Concordian Patti Sonntag of The New York Times lands a top Canadian award
Patti Sonntag — a managing editor in the News Services division of The New York Times, as well as a Concordia alumna and the university’s journalist-in-residence — has won the Michener-Deacon Fellowship for Journalism Education, one of Canada’s top awards in the field.
The Michener Awards Foundation announced today that His Excellency the Right Honourable David Johnston, Governor General of Canada, will present the annual fellowship to Sonntag and other honorees in a Rideau Hall ceremony on June 17.
The Michener-Deacon Fellowship is dedicated to the advancement of young journalists. It enables an industry professional to spend time teaching or mentoring students at a recognized Canadian journalism school.
“It’s remarkable to see an alumna like Patti — who went through our English and Creative Writing programs — achieve international success, then come back to Concordia and win an award in journalism education,” says André Roy, dean of the Faculty of Arts and Science.
“This is another feather in the cap of one of the country’s most celebrated journalism departments.”
Sonntag graduated from Concordia in 2000, then served as an intern at The New Yorker prior to joining The New York Times.
This winter, she led a small cohort of third- and fourth-year Concordia journalism students in an investigative data journalism project about the use of natural resources in Canada. The Michener-Deacon Fellowship will allow her to take the initiative further.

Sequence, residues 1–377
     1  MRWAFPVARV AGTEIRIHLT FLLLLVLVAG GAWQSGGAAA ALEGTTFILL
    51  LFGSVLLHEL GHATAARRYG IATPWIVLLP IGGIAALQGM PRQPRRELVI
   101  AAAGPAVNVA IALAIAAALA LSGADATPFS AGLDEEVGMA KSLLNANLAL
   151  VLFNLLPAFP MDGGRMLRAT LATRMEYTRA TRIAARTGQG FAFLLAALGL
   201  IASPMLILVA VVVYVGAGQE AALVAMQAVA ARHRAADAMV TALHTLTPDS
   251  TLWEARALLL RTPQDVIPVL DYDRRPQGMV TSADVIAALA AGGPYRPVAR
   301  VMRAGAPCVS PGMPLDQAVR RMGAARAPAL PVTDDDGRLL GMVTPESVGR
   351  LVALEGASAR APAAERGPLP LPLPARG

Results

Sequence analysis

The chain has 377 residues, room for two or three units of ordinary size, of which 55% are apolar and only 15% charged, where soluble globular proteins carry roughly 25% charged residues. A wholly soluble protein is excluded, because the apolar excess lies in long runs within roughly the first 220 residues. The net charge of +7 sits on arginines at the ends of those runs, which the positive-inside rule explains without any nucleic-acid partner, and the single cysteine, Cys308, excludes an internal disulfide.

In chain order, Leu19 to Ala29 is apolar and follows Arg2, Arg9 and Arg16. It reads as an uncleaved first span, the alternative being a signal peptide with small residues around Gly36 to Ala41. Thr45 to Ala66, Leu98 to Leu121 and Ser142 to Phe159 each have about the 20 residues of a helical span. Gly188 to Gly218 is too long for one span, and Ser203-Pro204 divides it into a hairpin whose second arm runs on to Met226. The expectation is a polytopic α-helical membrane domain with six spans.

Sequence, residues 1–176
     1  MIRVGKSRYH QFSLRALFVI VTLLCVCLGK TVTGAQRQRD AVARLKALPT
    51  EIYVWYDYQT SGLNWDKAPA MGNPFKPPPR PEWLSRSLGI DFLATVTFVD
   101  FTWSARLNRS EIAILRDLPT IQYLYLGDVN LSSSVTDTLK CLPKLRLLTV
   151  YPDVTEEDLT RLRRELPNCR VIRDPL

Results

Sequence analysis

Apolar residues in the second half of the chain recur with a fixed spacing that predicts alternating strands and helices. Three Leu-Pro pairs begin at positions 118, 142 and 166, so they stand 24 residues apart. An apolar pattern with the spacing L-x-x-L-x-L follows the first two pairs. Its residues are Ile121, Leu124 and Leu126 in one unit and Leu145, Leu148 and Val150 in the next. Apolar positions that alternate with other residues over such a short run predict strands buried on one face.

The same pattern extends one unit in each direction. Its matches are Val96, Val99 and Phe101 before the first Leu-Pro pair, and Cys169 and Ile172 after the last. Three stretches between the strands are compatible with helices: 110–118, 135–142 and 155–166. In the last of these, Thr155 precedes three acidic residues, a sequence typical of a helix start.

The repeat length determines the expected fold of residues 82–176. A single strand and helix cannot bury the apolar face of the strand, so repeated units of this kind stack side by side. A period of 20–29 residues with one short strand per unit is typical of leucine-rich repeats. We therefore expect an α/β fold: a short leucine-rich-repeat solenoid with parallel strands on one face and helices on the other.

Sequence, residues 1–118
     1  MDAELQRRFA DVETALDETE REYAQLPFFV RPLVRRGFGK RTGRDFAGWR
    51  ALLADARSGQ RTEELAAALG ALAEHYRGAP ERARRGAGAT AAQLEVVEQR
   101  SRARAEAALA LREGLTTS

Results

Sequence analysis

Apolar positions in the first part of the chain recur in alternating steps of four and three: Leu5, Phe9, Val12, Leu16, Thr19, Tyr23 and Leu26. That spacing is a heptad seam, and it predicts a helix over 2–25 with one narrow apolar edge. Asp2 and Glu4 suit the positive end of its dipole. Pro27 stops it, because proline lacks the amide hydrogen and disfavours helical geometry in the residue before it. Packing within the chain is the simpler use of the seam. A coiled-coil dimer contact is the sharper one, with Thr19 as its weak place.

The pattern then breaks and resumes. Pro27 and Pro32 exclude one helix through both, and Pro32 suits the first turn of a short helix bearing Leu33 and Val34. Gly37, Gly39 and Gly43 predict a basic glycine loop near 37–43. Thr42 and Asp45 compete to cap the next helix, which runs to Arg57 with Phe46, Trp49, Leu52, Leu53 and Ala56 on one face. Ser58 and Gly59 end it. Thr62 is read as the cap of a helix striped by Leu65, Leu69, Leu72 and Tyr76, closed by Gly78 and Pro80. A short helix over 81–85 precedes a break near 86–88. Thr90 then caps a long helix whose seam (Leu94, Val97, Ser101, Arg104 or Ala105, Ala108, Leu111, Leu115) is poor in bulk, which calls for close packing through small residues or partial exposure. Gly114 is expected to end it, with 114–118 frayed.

"I'm delighted to have the opportunity to continue the work my students and I started last semester,” Sonntag says. “We had a great time while we were completing our investigation, and I'm looking forward to the next one."
Citing The Data Journalism Handbook, Sonntag describes data journalism as “the new possibilities that open up when you combine a traditional ‘nose for news’ and the ability to tell a compelling story with the sheer scale and range of digital information now available.”
According to Brian Gabrial, chair of the Department of Journalism, “Patti launched a truly innovative journalism project during her semester in the department. In that time, she gave her students an amazing opportunity to hone their investigative skills, which will pay off for them professionally.”
Sonntag hopes the project will lay the foundation for a new data journalism certificate program at the university.
“I'm very grateful to Concordia and The New York Times for supporting me as we explore the possibilities,” Sonntag says.
This marks the second time in two years that there’s been a Concordia connection to the Michener-Deacon Fellowship.
In 2014 Francine Pelletier, one of the most recognizable names in Canadian journalism, spent a term at Concordia leading data-journalism workshops and other related activities. Pelletier won the Michener-Deacon Fellowship in May of that year.